The Herald Scotland October 2016
“… one of the freshest accounts of Beethoven’s Pastoral Symphony I’ve heard … no wonder they all loved him in Glasgow when he was Music Director of the Royal Scottish National Orchestra.”
Music & Vision October 2016
“Conductor Stéphane Denève was also a force of nature … Denève moulded a performance of the Pastoral Symphony that was strong both in atmosphere and colour. Dynamics were subtly shaded, tempi carefully judged. The transitions between peasant merrymaking, storm and shepherds’ hymn were beautifully handled as tension was tightened, relaxed and allowed to blossom into sublime thanksgiving … Many in the audience stood and cheered. And well they might.”
Nottingham Post September 2016
“… a conductor with flair and charisma. His energising presence and the polished sound he drew from his players was a winning formula … There was no doubting the success of this opening concert.”
Classical Source September 2016
“There is a great deal to relish in Denève’s interpretation, not least the hushed opening, the sharp characterisation of the ‘Danse grotesque de Dorcon’ or the liquid ‘Lever du jour’ … Stylistically, Denève is spot on in taste and sonority …”
Gramophone June 2016
“… superb … Under Deneve’s direction, [Connesson’s A Glimmer in the Age of Darkness] came across in a shimmering, light-refracting performance … the results were indelible.”
Mercury News February 2016
“Stéphane Denève is one of the most exciting conductors on the international scene today.”
St. Louis Today February 2015
“The forces of abandonment, madness and death combined at the end in the “Symphonie fantastique,” which Stéphane Denève vividly — no, viscerally — conducted to crown the program … It doesn’t take a French conductor to do French music, but the French Denève looked at this music from the inside out, as well as the other way around … the play of detail in the still new-sounding orchestration was constantly illuminating, creating moment-by-moment intensity that built into a dramatic arch, a vision.”
The Berkshire Eagle August 2014
“This is what going to the symphony should be like. Hearing a live orchestra has the potential to illicit visceral reactions, to make your hair stand on end, to give you goose bumps, to make you teary-eyed. Based upon the roaring ovation that Denève received at the end of ‘The Firebird’, which concluded the entire program, Philadelphia seems to know how lucky it is to have him, even if only for a couple of weeks.”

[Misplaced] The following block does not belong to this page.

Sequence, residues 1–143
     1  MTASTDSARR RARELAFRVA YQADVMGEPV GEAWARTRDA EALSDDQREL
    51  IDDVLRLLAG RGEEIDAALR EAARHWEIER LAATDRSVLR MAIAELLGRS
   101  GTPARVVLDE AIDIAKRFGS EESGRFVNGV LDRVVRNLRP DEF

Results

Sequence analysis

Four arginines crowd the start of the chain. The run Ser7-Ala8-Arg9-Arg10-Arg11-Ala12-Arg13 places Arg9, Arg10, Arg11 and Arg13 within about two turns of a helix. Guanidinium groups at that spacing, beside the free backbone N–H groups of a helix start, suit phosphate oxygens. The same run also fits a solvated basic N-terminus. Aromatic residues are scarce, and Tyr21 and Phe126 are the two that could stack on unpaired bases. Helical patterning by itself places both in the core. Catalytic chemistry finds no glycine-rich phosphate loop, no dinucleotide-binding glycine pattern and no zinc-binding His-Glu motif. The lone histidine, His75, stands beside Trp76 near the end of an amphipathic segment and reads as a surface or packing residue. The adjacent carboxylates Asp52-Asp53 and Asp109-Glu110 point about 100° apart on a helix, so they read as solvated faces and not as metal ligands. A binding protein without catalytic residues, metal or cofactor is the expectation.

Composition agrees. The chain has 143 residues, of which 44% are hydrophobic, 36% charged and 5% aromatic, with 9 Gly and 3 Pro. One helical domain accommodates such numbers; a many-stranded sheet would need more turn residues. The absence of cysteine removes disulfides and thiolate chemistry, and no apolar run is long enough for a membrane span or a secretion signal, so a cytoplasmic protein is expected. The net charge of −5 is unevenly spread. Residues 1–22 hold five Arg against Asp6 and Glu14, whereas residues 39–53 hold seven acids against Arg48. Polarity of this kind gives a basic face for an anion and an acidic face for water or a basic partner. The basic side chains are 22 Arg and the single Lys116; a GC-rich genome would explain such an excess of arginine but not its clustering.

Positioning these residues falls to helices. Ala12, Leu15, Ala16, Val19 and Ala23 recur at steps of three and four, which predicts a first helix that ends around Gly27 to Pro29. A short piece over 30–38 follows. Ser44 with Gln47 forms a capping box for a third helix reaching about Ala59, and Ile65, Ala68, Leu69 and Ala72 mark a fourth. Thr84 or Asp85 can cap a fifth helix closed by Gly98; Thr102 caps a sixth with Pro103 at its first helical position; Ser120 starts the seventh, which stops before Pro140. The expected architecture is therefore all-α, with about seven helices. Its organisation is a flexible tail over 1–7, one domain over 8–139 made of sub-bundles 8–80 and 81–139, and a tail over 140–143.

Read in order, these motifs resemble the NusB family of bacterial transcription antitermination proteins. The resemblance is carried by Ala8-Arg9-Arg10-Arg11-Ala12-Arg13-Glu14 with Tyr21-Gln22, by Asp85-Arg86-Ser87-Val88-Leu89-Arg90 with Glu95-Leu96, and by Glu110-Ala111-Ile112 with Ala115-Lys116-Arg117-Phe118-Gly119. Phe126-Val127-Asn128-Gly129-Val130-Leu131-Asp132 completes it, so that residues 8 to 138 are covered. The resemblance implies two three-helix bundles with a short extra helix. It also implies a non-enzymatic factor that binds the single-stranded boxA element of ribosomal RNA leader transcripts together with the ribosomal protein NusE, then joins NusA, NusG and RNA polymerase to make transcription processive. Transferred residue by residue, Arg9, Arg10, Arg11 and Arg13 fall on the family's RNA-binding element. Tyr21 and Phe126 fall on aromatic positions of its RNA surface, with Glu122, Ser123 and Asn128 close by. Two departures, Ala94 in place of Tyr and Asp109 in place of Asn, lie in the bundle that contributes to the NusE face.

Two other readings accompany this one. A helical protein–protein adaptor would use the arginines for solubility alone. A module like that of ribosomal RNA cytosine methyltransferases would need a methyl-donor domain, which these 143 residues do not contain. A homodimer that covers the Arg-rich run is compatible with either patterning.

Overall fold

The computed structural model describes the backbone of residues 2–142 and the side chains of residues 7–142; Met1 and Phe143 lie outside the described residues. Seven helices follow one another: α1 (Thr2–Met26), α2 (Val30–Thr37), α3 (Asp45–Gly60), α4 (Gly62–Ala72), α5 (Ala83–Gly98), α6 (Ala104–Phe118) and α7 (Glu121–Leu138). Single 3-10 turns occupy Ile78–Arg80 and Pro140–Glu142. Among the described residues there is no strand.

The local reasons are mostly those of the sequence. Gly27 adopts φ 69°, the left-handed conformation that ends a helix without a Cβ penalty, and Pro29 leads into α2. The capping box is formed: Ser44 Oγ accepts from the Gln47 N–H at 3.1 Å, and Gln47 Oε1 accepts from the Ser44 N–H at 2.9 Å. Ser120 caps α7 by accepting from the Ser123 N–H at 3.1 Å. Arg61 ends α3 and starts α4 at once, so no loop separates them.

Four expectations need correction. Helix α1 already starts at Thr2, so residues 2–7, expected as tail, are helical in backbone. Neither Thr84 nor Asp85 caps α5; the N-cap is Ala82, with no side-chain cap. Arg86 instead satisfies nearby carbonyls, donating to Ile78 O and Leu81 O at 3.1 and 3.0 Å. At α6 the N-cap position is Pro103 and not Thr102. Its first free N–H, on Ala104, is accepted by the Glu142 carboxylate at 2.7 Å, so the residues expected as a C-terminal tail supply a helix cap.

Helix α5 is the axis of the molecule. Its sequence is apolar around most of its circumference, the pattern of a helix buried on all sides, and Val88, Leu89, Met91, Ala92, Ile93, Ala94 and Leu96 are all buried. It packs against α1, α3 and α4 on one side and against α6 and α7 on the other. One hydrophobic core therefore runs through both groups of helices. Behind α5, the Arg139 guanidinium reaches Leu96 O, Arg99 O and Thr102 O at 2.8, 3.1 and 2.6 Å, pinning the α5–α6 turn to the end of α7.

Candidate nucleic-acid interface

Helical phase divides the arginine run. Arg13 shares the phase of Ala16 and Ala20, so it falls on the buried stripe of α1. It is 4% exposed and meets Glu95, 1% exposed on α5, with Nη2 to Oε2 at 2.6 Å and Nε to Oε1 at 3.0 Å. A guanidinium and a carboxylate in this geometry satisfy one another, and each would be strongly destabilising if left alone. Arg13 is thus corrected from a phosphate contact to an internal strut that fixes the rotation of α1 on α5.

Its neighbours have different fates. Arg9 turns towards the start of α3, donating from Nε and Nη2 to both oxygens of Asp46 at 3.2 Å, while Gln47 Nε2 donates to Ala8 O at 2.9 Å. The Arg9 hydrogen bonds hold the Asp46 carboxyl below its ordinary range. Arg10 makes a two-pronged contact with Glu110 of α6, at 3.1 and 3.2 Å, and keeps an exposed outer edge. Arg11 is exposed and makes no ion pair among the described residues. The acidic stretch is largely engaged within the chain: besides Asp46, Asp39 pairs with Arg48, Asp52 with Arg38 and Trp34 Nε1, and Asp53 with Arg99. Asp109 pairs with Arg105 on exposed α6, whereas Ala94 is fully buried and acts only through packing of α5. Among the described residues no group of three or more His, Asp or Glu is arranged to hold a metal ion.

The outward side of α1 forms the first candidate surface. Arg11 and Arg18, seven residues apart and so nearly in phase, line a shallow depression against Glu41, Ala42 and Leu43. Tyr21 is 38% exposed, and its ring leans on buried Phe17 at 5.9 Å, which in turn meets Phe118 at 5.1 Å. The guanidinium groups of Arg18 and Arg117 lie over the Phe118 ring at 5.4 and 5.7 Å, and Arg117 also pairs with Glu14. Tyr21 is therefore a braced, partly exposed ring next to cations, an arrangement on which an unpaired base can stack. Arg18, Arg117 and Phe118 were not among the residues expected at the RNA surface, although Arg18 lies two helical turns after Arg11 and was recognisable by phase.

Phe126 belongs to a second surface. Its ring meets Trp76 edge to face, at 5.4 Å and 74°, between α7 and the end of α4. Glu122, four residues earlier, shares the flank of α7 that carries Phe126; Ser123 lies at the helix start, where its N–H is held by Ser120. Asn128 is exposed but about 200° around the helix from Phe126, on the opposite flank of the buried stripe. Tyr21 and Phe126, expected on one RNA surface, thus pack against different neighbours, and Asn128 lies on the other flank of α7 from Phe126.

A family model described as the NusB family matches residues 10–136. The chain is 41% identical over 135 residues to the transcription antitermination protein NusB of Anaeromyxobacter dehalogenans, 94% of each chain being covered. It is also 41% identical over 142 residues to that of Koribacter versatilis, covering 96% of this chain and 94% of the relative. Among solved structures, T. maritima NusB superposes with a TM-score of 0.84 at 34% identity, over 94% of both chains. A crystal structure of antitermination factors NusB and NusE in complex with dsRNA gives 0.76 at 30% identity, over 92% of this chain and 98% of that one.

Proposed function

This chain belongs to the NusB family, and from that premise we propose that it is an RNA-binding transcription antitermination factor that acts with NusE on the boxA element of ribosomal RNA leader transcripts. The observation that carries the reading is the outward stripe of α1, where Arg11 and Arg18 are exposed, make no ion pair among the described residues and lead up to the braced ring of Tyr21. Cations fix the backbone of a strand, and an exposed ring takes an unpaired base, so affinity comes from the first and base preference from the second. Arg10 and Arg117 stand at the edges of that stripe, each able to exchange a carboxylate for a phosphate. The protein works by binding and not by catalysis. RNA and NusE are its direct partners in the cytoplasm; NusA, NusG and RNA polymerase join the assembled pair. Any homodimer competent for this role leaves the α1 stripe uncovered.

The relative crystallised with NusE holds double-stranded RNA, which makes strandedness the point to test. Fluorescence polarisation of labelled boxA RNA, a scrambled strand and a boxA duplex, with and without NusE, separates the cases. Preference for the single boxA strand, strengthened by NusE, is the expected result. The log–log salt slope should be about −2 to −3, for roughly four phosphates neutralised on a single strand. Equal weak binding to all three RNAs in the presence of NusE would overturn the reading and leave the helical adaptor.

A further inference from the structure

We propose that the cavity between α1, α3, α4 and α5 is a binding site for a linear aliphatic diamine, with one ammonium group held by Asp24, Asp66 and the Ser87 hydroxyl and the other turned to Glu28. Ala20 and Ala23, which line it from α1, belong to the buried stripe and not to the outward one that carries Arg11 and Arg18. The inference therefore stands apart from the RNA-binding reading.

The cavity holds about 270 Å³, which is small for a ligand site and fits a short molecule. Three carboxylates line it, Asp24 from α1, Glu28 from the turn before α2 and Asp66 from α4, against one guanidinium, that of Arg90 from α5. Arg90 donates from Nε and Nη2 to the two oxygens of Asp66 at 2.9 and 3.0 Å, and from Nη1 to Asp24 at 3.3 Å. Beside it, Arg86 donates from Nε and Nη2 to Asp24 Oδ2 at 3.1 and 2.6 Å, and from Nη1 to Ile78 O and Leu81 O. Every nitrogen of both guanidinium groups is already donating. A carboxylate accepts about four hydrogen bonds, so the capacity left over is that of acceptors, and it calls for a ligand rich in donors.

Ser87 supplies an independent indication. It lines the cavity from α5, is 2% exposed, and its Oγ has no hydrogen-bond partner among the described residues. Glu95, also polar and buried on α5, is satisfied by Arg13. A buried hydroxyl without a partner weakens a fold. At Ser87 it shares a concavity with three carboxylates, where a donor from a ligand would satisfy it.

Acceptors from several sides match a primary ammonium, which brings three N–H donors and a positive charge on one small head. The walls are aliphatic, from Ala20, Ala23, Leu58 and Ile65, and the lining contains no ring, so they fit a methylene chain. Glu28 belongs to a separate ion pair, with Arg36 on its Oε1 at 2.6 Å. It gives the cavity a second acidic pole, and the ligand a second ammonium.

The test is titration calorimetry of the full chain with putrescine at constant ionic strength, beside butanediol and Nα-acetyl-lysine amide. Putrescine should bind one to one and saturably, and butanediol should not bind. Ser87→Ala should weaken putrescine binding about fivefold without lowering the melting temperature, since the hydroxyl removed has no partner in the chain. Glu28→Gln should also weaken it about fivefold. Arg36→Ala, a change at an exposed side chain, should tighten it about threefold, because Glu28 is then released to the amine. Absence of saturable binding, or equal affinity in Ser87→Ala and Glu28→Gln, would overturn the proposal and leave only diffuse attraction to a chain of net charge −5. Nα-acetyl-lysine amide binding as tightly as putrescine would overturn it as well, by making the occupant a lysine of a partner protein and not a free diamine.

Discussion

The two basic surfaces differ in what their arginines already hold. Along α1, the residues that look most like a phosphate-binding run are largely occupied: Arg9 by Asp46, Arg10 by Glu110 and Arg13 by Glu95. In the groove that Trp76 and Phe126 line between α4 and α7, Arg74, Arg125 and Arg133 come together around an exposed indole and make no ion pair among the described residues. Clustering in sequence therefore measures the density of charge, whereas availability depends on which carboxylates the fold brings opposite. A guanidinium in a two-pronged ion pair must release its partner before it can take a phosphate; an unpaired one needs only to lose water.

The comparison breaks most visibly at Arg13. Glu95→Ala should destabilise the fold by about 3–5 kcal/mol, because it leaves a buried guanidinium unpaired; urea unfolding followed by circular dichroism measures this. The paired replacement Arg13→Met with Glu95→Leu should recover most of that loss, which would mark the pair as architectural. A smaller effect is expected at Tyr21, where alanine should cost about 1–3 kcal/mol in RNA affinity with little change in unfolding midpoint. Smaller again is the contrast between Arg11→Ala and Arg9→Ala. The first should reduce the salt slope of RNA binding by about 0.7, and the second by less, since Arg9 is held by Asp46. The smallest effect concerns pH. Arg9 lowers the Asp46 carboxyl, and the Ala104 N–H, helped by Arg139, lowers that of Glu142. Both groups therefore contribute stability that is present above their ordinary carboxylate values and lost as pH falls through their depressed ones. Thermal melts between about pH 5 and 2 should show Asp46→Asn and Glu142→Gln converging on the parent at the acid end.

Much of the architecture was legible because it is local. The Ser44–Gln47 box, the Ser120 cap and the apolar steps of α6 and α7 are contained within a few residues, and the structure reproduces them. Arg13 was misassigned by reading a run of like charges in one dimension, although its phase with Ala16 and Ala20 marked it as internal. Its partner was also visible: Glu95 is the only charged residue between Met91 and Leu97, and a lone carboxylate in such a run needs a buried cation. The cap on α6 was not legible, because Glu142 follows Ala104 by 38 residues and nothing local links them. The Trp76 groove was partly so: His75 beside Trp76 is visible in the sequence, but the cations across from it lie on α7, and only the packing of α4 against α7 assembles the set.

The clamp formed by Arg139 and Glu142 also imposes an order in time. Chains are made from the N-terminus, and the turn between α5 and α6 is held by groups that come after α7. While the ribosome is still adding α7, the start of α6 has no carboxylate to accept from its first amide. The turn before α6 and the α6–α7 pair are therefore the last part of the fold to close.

“‘The Firebird’… brought out the best in the orchestra and reaffirmed Deneve’s status as a master colorist with music.”
“…main observations must centre on two elements: first, Denève’s maturity in penetrating the core of [Mahler’s Sixth] symphony with his realising in sound that, musically, the symphony is all about the semitone: a single step between major and minor; a mere blink between joy and heartbreak; an intake of breath that signals a transformation of mood and emotional temperature; the infinitesimal difference between a smile and a tear. And second, the rock solid structure and immensely expressive variation the conductor released from the score, all played with amazing integrity and balance by his stunning orchestra.”
“Stephane Denève’s Stuttgart Radio Symphony Orchestra make an astonishing rich, dark sound… In a great performance [of Mahler’s Sixth Symphony], the minutes fly by… Denève’s tempi were well-chosen in the extreme – the first movement’s march theme never feeling rushed, the glorious second subject’s ebb and flow beautifully caught. The pastoral idyll at the centre was sublime… Denève’s first movement coda was brazenly exultant, the Scherzo’s opening bars consequently more oppressive. The Trio’s rhythmic quirkiness was nicely caught, and the movement’s deathly, exhausted winding down was sheer perfection. Performances this good lead you to believe that a triumphant ending could just be within reach, making the last minute collapse that more alarming… the stunned silence which greeted the last note spoke volumes. Unmissable.”